Milk paint is easy to like. It’s safe, fast drying and when used in a particular way it delivers a kind of beauty that only gets better with the bumps and dings imparted by everyday life. It’s this classic, old-time beauty that really makes milk paint worthwhile.
I first experienced authentic milk paint in 1988, working as a cabinetmaker in a shop where we built traditional kitchen cabinets. What struck me at the time was not just the look of antiquity created by milk paint, but also what you could do to make this finish look old and wise by distressing it. I’ve been hooked ever since.
As you’d guess from the name, milk paint is based on milk proteins, enhanced with natural pigments, lime and clay. It comes as a powder that you mix with water, then brush on. Milk paint can be applied to clean, bare wood, though you can also brush it on over an existing urethane finish if you use a bonding agent mixed with the paint. I’ve applied milk paint to furniture that had been lightly oiled in the past and it worked fine too.
One way to use milk paint begins by staining your wood to simulate that antique, golden patina imparted by age. Any medium brown stain will do. Let this stain dry for a couple of days, then mix up a batch of milk paint with water. You need to know right up front that thorough mixing takes some effort. I’ve tried mixing by hand with a stick, but it leaves lumps. The instructions recommend a blender, but I’ve had good luck using a large spade bit in a cordless drill as a kind of workshop egg beater. The best part of using a spade bit is that I don’t have to sneak the blender out of the house past Mary’s vigilant eye.
Brush on the paint and let it dry on top of the stained wood. I applied one coat of Liberty Blue to the bookcase you see here; two coats may be necessary in other cases. As with any finish, milk paint makes the wood a bit rougher as surface fibers swell, stand upright and harden that way. Let the milk paint dry for a full day, then grab a piece of 220-grit sandpaper and lightly rub the surface to knock down the raised grain. As you work, it’s time to apply some artistry, too.
If you’re looking to create a distressed finish, sand slightly more vigorously on areas that you’d expect to be worn by age, working right through the milk paint, though not through the stain you applied initially. Go easy at first. Take just a little paint off here and there, then stand back and look at the whole piece of furniture. Add more wear marks until the whole project sports the degree of antiquity that suits your taste. I find a fine 3M rubbing pad works best for a final rub down. You can attempt distressing any kind of paint, but most resist the abrasion too well for best results. Milk paint sands willingly, and that’s why I like it best for distressing.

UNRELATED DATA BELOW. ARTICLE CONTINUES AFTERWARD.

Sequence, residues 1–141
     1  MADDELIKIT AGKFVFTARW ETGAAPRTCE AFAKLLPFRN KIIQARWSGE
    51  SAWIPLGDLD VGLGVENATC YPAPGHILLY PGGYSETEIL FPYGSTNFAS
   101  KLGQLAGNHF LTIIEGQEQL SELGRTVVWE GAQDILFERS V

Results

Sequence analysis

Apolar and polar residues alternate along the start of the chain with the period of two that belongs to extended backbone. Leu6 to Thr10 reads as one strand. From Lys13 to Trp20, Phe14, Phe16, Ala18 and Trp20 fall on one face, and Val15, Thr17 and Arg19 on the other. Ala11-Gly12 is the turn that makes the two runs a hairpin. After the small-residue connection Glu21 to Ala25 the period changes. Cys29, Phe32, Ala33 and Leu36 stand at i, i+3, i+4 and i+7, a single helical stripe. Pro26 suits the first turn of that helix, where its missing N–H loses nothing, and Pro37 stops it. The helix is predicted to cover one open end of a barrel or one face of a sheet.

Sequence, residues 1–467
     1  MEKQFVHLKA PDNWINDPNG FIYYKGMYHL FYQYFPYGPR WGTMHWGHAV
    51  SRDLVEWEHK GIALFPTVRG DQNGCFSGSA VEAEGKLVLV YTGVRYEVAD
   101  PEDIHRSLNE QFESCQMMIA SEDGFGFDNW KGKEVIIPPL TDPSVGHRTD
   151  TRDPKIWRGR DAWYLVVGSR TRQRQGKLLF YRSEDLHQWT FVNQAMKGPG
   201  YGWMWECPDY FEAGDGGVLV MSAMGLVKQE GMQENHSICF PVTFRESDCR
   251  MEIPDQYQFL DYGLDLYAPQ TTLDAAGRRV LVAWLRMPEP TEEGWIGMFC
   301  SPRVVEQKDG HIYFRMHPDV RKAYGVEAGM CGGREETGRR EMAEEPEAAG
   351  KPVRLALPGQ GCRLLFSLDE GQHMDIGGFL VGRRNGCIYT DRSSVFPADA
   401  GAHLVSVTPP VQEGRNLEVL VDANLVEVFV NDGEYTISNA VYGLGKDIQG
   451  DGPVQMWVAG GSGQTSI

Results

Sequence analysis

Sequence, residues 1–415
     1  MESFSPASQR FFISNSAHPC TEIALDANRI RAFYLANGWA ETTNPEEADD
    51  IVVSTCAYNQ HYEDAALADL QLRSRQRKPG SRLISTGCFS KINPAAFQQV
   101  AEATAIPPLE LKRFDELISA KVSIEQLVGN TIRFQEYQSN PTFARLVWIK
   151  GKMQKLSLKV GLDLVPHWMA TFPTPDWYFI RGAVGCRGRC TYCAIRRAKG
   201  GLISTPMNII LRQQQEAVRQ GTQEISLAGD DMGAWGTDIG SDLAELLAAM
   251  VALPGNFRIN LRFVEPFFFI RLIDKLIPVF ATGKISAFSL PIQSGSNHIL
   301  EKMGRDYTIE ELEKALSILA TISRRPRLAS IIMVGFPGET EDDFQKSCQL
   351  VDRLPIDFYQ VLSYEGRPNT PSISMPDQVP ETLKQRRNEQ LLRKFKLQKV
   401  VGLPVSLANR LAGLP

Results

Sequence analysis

When you’re satisfied with the look, vacuum off all milk paint dust, then seal the wood surface. I’ve used both water-based and oil-based urethanes for this job in the past, but there are better options. One of my favorites is Minwax Wipe-On Poly. Apply one coat with a rag (a brush is a big help getting the product into corners). It dries in one day. A final rub down with the 3M pad creates a silky smooth surface.
I’ve never seen authentic milk paint stocked on the shelves of ordinary home improvement stores, but that doesn’t mean it’s hard to get. I buy mine from a place called Homestead House Paint Company (877-886-5098). They manufacture the stuff and sell it at their retail store and by mail. It comes as a powder that you mix with water before brushing on. A 1 pound bag costs $39 the last time I checked, which seems expensive until you mix it up and see how far it goes. It’s enough paint for two or three large pieces of furniture. Besides looking great initially, a distressed milk paint finish only becomes better with authentic dents and wear. How many other furniture finishes actually improve as they get bumped around?
Be sure to watch the milk paint video above if you haven’t seen it yet. It shows why milk paint is one of the best options for creating a distressed look on furniture and woodwork.